SADDAM HUSSEIN BRONZE STATUE BUST FROM BATTLE AT BAGHDAD AIRPORT
One of the most important relics obtainable from the 2003-2011 Iraq War, a bronze bust of strongman SADDAM HUSSEIN (1937-2006) cut from his 15-foot statue which had once been positioned before Baghdad International Airport, the scene of crucial, heavy fighting between American forces and entrenched Iraqi army soldiers guarding the all-important airfield. Considered by most to be the toughest, and most costly battle of the first push in the Iraq war. The overall height of the piece is 17 in., width across the shoulders, 24 in., depth of the chest; front to back, 14 in., with a weight of 77 pounds. This is a hollow-cast bronze bust, cleanly cut at the the neck (most likely later trimmed by its GI discoverer), still bearing several coats of its original gold paint which is often seen on Hussein's statues and other monumental works in Iraq. The bust remains in solid condition, the paint widely chipped with scratches, as one would expect when such a piece is exposed in a pitched battle. Sold with the soldier's original 'War Trophy Registration/Authorization' form DD 603-1, his signed affidavit of events surrounding his acquisition of the bust, his signed brief description concerning importation of the relic, and copies of earlier media reports on the piece. A very rare and most desirable piece - while Hussein's palace silverware and porcelain have been generally obtainable, other relics, especially those depicting the dictator and which were involved in combat, are all but unheard-of.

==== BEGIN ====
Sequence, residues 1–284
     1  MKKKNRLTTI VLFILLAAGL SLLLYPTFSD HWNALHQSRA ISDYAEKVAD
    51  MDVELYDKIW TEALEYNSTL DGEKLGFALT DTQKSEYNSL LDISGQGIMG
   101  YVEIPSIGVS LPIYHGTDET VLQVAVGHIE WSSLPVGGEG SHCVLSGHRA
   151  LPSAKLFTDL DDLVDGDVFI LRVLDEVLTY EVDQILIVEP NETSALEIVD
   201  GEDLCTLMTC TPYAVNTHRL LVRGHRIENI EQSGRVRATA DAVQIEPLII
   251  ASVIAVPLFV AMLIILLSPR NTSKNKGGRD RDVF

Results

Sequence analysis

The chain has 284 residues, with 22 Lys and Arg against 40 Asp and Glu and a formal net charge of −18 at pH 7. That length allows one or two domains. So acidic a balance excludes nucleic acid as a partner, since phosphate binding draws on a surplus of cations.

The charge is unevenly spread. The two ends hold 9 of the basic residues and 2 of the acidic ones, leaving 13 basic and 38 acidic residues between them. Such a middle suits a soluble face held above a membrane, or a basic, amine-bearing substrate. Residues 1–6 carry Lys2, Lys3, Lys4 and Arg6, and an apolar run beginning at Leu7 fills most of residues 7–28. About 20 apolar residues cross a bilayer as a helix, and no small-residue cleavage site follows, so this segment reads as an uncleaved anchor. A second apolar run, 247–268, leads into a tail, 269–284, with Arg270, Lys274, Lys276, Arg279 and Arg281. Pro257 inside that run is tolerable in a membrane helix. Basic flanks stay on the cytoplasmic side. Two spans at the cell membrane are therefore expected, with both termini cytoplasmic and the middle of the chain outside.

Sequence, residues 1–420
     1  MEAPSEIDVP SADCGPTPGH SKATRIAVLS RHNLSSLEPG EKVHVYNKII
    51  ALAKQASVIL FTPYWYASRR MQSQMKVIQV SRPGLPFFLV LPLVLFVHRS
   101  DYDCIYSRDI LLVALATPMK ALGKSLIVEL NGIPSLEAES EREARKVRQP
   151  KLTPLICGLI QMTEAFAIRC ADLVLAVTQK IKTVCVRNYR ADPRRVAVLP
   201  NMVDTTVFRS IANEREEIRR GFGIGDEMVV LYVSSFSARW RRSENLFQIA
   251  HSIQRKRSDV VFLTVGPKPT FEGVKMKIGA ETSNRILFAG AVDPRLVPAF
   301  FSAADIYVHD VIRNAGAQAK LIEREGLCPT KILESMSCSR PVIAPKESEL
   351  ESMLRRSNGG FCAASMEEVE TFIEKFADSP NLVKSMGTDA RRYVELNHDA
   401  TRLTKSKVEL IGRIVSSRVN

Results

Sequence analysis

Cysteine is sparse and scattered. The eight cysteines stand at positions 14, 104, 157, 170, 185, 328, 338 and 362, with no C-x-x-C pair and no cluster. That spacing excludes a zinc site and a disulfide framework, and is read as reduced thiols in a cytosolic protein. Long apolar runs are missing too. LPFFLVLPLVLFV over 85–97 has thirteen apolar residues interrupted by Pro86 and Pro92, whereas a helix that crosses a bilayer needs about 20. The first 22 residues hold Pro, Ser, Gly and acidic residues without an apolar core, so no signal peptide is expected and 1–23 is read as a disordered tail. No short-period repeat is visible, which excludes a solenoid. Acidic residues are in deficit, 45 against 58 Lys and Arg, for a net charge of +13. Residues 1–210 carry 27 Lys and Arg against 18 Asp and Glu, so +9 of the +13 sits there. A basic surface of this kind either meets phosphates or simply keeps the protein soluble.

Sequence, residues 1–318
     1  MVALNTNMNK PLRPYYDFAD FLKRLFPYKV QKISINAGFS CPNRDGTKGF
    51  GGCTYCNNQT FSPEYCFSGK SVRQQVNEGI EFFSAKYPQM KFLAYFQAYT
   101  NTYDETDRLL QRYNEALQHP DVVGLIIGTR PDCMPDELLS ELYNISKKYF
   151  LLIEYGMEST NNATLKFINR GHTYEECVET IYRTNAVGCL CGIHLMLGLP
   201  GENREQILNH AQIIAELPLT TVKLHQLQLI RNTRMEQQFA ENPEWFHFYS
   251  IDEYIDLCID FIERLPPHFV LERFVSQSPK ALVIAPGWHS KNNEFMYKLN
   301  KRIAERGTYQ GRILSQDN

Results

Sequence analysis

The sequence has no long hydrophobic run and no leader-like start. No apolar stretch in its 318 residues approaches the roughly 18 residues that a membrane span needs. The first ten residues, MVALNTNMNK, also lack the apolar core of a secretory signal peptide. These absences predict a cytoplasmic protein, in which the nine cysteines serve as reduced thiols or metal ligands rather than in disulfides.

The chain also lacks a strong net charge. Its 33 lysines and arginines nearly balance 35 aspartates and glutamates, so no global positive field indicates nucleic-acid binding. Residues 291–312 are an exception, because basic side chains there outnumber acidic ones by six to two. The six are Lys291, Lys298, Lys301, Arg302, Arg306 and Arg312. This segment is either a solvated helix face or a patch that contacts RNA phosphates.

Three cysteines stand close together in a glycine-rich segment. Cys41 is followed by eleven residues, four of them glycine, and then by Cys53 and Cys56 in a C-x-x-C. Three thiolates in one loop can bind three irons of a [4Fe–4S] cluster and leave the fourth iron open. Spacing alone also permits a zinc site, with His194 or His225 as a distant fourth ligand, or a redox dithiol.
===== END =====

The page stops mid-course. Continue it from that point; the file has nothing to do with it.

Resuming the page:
On the morning of 3 April 2003, US forces advanced on Saddam International Airport. This location turned out to be the best defended Iraqi position of the entire war and two US soldiers were killed by mortar fire early in the fighting. After several hours of combat, the First Brigade, Third Infantry Division succeeded in taking control of the crucial facility. Before sunrise on 4 April, the Americans were subjected to a fierce counter-attack by Iraqi troops. The First Brigades Tactical Operations Center (TOC) began receiving small arms and mortar fire. Under the cover of darkness, a number of T-72 tanks managed to get within several hundred meters of their position. According to one source: 'It was not until a chemical reconnaissance vehicle was fired on, and a Bradley actually was hit by a T-72 main gun round, that the battalion became aware of its peril.' Fortunately for the crew, the hit was only a glancing one, and they were able to drive their vehicle to safety. A fire team with a Javelin ATGM destroyed two of the Iraqi tanks, while the rest were destroyed by a passing M1 Abrams. As dawn approached, the attack on the TOC intensified, and Iraqi infantry flooded into the position on foot. During the fighting, Sergeant First Class Paul Ray Smith was killed by enemy fire while fighting off an Iraqi attack on his team in an action that resulted in the posthumous awarding of division's first Medal of Honor since World War II. From the debris of that airport battle, this bronze bust of Saddam Hussein was recovered. It was spotted by a US Army member of the 777th Engineer Utility Team who salvaged the piece from the widespread wreckage and destruction and brought it back to the U.S. after his 13-month tour of duty was over. He told our consignor: 'It was in pieces so I was able to take the head and get documentation to take it through customs. I decided to wait a while before trying to sell it so my children could grow up and see it. I believe it is the only one of it's kind in the USA and it means a lot to me. I served my country and served it well and to be able to bring something home to show my family, show my friends, show them what was taking place was important.'